We are experiencing the rise of the digital workplace and the business consumer, an employee for whom business activities are just one part of a wider lifestyle as the boundaries blur between our work and private lives.
The digital workplace is enabling new and effective ways of working and improving employee engagement while exploiting consumer-orientated styles and technologies. This is causing our personal and professional lives to come ever closer together in a digital mesh, and there is no doubt our wellbeing is being pulled in multiple directions too. This blurring of boundaries is increasing the need for flexibility, autonomy and trust in the workplace.
For these reasons, it is a top priority for companies to adapt to the digital workplace as it not only influences employee well-being, productivity and creativity, but affects whether great talent, including Generation Y, will be attracted to join a company. Ultimately if employees can feel inspired at work and adopt consumer technologies which will positively impact their work/life balance, then this will also enhance their ability to collaborate in teams and deliver great customer service. However, the digital workplace does require a culture change. This is alongside companies providing greater accessibility to mobile technology and harnessing people’s growing digital literacy in their consumer lives. So how are companies faring so far?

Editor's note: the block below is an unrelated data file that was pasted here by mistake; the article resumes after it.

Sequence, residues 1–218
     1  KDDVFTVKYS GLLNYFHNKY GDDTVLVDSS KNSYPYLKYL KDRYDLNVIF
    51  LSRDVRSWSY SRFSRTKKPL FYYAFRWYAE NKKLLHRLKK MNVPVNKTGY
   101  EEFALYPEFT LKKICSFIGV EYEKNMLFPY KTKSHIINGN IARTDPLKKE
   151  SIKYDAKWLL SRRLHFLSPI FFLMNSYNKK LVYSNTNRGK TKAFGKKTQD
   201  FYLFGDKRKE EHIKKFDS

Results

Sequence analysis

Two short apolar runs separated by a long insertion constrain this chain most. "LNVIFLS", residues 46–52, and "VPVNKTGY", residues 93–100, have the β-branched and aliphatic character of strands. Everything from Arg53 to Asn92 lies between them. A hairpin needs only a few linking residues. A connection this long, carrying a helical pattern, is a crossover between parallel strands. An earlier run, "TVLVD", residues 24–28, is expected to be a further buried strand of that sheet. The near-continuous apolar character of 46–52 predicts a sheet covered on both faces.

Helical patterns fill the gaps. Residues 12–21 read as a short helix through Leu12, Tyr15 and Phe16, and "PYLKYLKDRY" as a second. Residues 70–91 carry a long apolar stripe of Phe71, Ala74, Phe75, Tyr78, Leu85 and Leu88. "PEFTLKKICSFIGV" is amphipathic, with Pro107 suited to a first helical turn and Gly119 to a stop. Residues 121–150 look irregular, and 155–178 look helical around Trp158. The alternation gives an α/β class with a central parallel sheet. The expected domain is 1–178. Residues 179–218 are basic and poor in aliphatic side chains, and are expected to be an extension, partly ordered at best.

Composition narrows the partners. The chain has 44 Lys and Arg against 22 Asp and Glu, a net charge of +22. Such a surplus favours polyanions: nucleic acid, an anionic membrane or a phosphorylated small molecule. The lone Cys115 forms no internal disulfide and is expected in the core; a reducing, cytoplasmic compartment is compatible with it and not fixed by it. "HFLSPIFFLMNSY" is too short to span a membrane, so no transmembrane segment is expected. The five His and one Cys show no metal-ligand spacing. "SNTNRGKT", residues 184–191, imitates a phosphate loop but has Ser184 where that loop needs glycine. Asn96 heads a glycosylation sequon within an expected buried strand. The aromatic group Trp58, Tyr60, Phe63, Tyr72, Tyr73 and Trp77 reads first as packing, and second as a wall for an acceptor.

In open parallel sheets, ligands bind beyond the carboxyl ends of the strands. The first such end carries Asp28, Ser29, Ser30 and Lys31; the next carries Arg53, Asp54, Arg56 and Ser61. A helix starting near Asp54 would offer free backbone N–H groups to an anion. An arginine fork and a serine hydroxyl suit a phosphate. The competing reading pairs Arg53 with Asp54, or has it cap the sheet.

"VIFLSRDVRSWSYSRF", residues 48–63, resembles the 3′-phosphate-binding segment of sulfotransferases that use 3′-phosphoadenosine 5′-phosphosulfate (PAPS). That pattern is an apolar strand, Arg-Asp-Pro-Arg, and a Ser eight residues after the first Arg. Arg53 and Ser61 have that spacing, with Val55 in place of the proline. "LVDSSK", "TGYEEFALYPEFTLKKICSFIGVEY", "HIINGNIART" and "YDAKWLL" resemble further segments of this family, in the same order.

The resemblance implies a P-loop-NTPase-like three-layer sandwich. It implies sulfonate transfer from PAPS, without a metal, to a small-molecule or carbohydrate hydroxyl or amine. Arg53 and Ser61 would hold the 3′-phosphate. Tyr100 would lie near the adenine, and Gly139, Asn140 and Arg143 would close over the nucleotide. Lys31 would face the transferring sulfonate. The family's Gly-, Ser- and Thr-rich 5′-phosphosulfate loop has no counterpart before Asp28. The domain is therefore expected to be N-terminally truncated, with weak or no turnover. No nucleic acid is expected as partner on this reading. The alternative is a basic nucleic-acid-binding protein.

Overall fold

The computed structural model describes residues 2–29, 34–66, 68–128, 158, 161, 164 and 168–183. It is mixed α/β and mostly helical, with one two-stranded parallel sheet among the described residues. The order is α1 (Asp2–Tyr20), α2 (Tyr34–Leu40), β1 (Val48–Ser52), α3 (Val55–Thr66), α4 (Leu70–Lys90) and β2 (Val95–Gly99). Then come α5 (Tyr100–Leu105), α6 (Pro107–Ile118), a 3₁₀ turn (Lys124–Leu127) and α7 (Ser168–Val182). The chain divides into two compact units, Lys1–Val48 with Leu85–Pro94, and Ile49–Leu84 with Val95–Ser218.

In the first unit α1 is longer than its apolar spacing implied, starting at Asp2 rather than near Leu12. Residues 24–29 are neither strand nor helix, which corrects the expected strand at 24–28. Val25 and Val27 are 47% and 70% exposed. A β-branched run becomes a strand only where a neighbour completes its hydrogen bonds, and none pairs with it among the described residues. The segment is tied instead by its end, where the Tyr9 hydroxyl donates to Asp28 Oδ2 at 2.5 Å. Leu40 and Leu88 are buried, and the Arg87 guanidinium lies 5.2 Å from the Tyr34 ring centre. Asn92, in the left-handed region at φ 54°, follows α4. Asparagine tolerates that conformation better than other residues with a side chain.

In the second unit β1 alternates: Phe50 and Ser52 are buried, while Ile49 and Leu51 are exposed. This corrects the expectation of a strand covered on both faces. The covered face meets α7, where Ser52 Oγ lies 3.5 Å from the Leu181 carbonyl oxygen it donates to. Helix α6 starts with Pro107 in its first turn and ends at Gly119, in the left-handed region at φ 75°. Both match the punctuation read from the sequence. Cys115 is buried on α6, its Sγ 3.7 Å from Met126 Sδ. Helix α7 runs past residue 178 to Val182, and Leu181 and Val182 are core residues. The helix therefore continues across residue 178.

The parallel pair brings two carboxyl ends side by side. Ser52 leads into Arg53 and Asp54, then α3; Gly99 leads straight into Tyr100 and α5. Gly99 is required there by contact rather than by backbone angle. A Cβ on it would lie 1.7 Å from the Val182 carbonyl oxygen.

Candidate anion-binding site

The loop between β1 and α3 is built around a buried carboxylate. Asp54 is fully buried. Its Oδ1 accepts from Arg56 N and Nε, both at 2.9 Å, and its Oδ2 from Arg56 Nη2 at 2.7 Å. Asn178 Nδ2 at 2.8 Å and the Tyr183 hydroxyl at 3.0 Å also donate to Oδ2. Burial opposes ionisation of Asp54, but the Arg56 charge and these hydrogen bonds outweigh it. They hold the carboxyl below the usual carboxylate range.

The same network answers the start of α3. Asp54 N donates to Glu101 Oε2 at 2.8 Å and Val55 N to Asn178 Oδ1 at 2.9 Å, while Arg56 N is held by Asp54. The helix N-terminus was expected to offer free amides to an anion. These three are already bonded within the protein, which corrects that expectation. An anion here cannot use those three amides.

Recent research by Raconteur has found that 57% of senior executives admitted that the pace of change continues to take them by surprise, and 34% say a cultural aversion to change is a barrier to a robust transformation strategy in their business. Clearly organisations will need to address these barriers if they are to reap the benefits of a digital workplace.
Since 2010, we’ve been on our own journey – launching an initiative called Wellbeing@work, setting up multi-disciplinary teams around the world to develop activities to encourage personal development, imaginative ways of working, exploring new technologies while matching the social expectations of employees and our recent graduate recruits.
New generation of digital natives
Increasingly, with the new generation of digital natives coming into the workforce, Gen Y is already used to working and communicating virtually, but this style isn’t something everyone is used to. The changing nature of work (remote, global, non-routine, across functions) requires a significant degree of employee autonomy, which is not yet supported by legacy IT or traditional management styles. Managers will need to trust employees to do their job regardless of time zone, set working patterns and location. Furthermore their role will change from manager to coach, inspiring and encouraging their team to deliver their best. This is what will catalyse culture change and senior leaders will need to set the example.
The human side of business
The changing work environment, culture, and work/life flow require new ways to measure and improve wellbeing and happiness. Crucial to this human side of business is that employees feel their needs are being met and they are empowered to work in ways that suit them, which will significantly increase their wellbeing at work. It will be forward-thinking companies that embrace flexible and agile ways of working supported by new leadership styles to attract the best talent and safeguard a successful business in the future.